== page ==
Get the look without the discomfort of tight lacing
This top was born out of a love of corsets and their look, coupled with a lack of time/funds to actually make one. When I came across a leather corset with rhinestones on corsets-uk.com, I was inspired to make myself a shiny new clubbing top. I decided to embellish it with beads instead though, since I already had some on hand. When it came time to design the beading pattern, I came across the second inspiration by Heather Wilson of Heart Gallery Blog, and voila! New top for me, and a free pattern/tutorial for everyone else :)
Made of denim with an organza overlay and satin binding. Lightly boned for support with a zipper closure at the front. Embellished with hand-sewn seed beads, bugle beads, and sequins.
- corset3.gif 5.06 KB [ Download ]
- inspiration.gif 5.06 KB [ Download ]
- pattern.png 42.1 KB [ Download ]
- Patricia D. favorited Beaded Corset Style Top 04 Sep 03:58
- RareJewel favorited Beaded Corset Style Top 01 Nov 07:02
- nora c. added Beaded Corset Style Top to Amy Lee of Evanescence 06 Jul 22:46
- S. M. favorited Beaded Corset Style Top 05 May 04:04
- Crystal W. favorited Beaded Corset Style Top 03 May 08:09
- Alma v. added Beaded Corset Style Top to Recycling T-shirts 21 Apr 20:26
- Southern Crafter added Beaded Corset Style Top to To Sew 27 Jan 10:08
- Arida added Beaded Corset Style Top to Elsa of Arendelle 01 Sep 11:24
- Crafterella added Beaded Corset Style Top to Hocus Pocus 21 Apr 13:15
- InterpretThat favorited Beaded Corset Style Top 02 Mar 10:07
Draft your pattern. For this you'll need a few measurements.
1) bust circumference
4) bust to waist length
5) waist to hip length
6) desired total length
7) armscye circumference (around the arm at the armpit)
A) Use your widest measurement and your desired length to make a rectangle.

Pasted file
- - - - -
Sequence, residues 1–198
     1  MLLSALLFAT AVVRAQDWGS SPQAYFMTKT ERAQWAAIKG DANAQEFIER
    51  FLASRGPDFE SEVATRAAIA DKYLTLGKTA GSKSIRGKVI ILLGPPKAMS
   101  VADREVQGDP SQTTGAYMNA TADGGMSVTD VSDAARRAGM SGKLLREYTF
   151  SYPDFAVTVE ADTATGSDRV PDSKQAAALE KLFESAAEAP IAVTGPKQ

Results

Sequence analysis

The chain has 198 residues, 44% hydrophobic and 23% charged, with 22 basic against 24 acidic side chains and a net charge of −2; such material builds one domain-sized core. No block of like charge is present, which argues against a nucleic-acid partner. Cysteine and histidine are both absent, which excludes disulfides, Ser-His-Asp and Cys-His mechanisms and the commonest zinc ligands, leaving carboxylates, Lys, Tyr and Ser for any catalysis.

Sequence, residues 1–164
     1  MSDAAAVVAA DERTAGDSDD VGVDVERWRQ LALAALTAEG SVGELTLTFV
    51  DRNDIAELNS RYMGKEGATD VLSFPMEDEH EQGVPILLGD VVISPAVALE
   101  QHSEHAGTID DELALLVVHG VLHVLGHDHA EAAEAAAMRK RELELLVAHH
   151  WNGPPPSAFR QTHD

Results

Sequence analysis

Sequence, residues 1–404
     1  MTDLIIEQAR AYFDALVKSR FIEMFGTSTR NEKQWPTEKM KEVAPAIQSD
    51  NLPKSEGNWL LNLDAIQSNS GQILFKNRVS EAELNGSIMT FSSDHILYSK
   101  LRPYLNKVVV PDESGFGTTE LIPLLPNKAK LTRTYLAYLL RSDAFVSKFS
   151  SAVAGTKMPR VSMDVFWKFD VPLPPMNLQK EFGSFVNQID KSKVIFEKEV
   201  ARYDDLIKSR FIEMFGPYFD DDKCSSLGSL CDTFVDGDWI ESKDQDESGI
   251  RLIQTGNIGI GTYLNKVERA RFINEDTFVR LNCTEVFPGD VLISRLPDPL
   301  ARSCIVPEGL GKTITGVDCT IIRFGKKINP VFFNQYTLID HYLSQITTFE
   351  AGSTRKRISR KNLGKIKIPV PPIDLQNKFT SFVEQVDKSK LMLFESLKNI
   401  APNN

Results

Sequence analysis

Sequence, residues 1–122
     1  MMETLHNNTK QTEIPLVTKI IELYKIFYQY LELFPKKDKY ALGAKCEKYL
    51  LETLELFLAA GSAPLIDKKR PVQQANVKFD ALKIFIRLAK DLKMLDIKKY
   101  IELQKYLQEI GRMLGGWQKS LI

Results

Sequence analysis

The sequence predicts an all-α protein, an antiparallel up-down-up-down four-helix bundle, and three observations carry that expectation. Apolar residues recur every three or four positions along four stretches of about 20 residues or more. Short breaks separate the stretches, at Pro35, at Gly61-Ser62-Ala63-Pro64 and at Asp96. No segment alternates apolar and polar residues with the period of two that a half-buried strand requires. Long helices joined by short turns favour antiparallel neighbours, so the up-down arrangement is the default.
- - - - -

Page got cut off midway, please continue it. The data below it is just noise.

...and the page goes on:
B) Divide the rectangle in half exactly, then divide each half a little unevenly to make the front and back panels wider than the sides. I just eyeballed this step.
C) Find the difference between the widest point and all other circumferences, and distribute this along the three dividing lines to make diamond shapes.
D) Draw in your top and bottom seams. Again, I mostly eyeballed this part. I brought the front seam down to a point, but you can leave it straight if you like.
**I used a picture from www.leenas.com as a reference for the neckline, which is attached to this tutorial. It is more to scale than the pattern ref that I drew.
Gather your materials. There are refreshingly few compared to a real full corset. No grommet holes to punch either!
I had a ton of organza and denim on hand, so I just used what I needed. The amount you'll need depends on your measurements.
The wide satin ribbon that I used for binding is about the same width as blanket binding (~2.5in). I pressed and folded it to make my own shiny binding, since I couldn't find any premade. I used the narrow satin ribbon for the "laces" and the straps, and it's about 3/4in wide.
The plastic that I used for my (uber ghetto) boning was scavenged from a cheap chest of drawers. It's a couple millimeters thick, and I cut my strips about 4 millimeters wide. You can also cut up old orange juice jugs, but make sure your strip is long enough to reach top to bottom, minus about 1 inch for binding.
**Make sure to leave extra wide seam allowances so that your boning channels are wide enough to fit the plastic. You may need to double up two bones per channel if your plastic is too thin or bendy.
MAKE A MUSLIN
This will save you lots of potential tears and heartache at the end if your pattern doesn't fit properly. I actually went through two trial runs before I was finished tweaking things. It's also handy for doodling on if you're contemplating adding decorative stitching or changing the seam placement. It's best to use the fabric you're going to use in the actual garment, but I usually used some cheap stuff because I was feeling a bit miserly.